NEWS: Bahrain’s sectarian tensions in the light of the Ashura commemoration

Athena Tacet | Contributor

The Sunni Muslim monarchies of the Gulf fear that the Arab Spring will inspire Shiites on the Arabia peninsula to revolt against their rule. The Ashura commemoration today had also raised some concerns.

“We do not know how things are going to end up next week in Qatif,” said Fawzia Hani, a Saudi Shiite human rights activist , to AFP.

 Bahrain’s crackdown on Shiite protestors supported by other Gulf rulers earlier this year,  has led to tensions in the region and in Kuwait and Saudia Arabia. Last November four people died in Saudia Arabia as a result of clashes with security forces.  

The Ashura religious procession commemorates the killing of Imam Hussein, grandson of the Prophet Mohammed  by armies of the  caliph Yazid in 680 AD. Millions of Shiites around the world took to the streets for the traditional mourning procession .

Bahraini Foreign Minister Khalid Ibn Ahmad Al Khalifa said bringing democracy and the rule of law to the Gulf states is not likely to be easy, Russia Today reported last Dec. 1.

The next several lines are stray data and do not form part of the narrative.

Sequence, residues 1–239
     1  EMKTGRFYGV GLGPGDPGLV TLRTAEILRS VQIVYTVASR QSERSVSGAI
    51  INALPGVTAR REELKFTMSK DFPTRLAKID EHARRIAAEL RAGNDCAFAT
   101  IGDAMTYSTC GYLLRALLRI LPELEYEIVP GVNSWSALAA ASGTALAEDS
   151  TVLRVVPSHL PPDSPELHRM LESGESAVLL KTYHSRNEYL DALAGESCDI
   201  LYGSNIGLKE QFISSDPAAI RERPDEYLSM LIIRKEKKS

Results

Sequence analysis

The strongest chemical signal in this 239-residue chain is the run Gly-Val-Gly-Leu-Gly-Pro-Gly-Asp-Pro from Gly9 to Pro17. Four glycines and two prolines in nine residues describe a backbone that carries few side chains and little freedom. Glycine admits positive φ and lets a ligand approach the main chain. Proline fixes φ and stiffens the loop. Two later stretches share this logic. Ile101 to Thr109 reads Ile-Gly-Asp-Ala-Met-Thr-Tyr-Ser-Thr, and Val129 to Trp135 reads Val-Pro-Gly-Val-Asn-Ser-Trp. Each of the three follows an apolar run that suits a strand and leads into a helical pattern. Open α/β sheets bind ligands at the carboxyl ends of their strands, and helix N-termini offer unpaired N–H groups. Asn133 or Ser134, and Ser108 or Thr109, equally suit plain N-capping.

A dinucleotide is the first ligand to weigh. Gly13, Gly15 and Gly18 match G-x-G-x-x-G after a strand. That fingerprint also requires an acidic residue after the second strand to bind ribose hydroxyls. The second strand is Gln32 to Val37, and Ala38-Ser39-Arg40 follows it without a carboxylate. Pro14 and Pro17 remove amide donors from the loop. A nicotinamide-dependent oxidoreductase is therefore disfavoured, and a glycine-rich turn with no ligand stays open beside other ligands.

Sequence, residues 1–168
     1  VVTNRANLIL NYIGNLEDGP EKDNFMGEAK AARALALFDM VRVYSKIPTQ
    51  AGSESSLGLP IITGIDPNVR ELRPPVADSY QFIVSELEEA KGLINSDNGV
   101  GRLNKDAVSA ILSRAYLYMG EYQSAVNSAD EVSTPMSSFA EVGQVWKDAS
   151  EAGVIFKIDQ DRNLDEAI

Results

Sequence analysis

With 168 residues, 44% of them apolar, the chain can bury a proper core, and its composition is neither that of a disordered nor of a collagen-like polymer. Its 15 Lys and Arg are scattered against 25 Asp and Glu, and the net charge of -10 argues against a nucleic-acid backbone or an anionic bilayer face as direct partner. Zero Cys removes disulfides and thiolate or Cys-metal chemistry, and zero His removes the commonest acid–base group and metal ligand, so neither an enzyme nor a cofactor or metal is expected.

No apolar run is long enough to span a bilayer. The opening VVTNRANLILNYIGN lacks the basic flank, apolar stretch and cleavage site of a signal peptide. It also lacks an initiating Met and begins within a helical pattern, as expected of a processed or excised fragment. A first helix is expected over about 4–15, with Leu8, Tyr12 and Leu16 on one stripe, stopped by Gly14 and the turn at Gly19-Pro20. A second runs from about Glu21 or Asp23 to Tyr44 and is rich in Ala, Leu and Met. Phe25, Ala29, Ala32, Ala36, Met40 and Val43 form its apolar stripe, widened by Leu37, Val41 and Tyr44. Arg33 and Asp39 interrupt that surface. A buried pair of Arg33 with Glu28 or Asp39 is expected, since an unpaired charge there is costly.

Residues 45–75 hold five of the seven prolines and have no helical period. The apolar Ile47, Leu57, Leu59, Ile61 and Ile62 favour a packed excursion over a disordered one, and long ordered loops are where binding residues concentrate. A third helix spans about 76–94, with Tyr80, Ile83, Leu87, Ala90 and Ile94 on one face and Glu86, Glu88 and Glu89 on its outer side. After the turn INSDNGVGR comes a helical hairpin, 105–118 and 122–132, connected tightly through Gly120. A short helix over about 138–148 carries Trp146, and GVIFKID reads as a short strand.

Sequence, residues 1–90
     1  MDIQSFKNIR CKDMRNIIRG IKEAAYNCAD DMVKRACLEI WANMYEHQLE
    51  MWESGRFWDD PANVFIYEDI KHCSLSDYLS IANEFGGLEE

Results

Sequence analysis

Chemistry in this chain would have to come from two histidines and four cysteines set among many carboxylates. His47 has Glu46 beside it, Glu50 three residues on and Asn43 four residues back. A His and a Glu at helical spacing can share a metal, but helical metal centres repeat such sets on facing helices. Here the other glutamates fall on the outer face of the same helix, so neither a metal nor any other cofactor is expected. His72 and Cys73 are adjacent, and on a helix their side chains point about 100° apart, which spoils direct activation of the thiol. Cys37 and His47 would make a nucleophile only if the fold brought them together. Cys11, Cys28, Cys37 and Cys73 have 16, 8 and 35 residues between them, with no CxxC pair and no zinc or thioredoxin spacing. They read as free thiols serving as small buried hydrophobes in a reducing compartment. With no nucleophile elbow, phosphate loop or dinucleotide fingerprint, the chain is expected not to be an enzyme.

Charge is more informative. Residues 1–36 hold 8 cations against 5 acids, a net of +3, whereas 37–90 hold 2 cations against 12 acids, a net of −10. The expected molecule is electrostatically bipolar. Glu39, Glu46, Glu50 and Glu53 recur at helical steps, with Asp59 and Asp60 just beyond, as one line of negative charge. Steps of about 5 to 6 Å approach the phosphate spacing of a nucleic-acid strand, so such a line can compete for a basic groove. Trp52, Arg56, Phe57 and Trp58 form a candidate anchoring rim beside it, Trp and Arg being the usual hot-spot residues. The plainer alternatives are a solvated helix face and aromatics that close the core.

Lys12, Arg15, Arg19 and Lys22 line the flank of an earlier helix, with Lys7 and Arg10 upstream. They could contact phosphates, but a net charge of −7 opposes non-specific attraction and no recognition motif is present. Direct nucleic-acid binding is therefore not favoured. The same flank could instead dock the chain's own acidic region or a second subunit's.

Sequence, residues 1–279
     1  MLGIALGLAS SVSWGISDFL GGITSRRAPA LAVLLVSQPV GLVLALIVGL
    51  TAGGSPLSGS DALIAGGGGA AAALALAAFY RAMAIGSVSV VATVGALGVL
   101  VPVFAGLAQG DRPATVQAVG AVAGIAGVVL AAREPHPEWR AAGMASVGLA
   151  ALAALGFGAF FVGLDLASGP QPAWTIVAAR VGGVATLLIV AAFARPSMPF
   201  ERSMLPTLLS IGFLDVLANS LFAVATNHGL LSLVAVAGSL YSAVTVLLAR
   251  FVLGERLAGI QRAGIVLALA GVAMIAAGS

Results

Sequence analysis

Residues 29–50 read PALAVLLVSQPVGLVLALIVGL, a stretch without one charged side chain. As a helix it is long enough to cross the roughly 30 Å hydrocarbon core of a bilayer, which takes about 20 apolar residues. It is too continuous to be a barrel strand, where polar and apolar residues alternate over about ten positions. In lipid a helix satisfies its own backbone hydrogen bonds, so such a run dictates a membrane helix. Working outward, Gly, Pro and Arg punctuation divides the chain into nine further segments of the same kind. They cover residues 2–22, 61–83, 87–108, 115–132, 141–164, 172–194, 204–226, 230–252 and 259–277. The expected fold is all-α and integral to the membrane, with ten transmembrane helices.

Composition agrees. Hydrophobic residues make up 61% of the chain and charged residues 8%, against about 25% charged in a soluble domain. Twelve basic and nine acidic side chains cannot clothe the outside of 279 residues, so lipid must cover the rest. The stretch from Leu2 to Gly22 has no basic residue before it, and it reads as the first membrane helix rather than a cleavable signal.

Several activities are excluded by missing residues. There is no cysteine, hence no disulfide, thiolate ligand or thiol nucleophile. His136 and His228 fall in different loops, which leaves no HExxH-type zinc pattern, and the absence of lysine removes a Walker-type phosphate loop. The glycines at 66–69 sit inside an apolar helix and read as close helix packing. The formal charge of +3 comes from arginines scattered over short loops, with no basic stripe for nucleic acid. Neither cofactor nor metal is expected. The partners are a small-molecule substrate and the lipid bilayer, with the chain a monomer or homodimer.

“They want to transform the Arab Spring into a ‘Shiite Spring’,” Abdellatif al-Mahmud, a Sunni cleric in Bahrain, told AFP on Dec. 3.

“Since the Shiites are the majority, they are attacking Sunnis,” Kuwaiti Sunni Walid Tabtabai , said in the same report. He cited the examples of Iran, as well as Iraq after the fall of Saddam Hussein’s regime.

 Sheikh Ali Salman, head of a Shiite opposition group in Bahrain, Al-Wefaq called this approach inappropriate.

Acording to AFP he said, “The Arab Spring involves all faiths and all communities, including the Amazigh,” “or Libya’s Berbers, who helped to overthrow Moamer Kadhafi’s regime.”

Bahrain’s Shiites constitute approximately 70 percent of the nation’s 525,000 citizens, but have pushed for a greater voice, AFP revealed last Nov. 23. They have generally complained of being the victims of discrimination, including their being blocked the access to some governmental posts and to military posts.

 According to the Washington Post, at least 35 people have died in clashes and hundreds have been arrested since the protests in Bahrain started.



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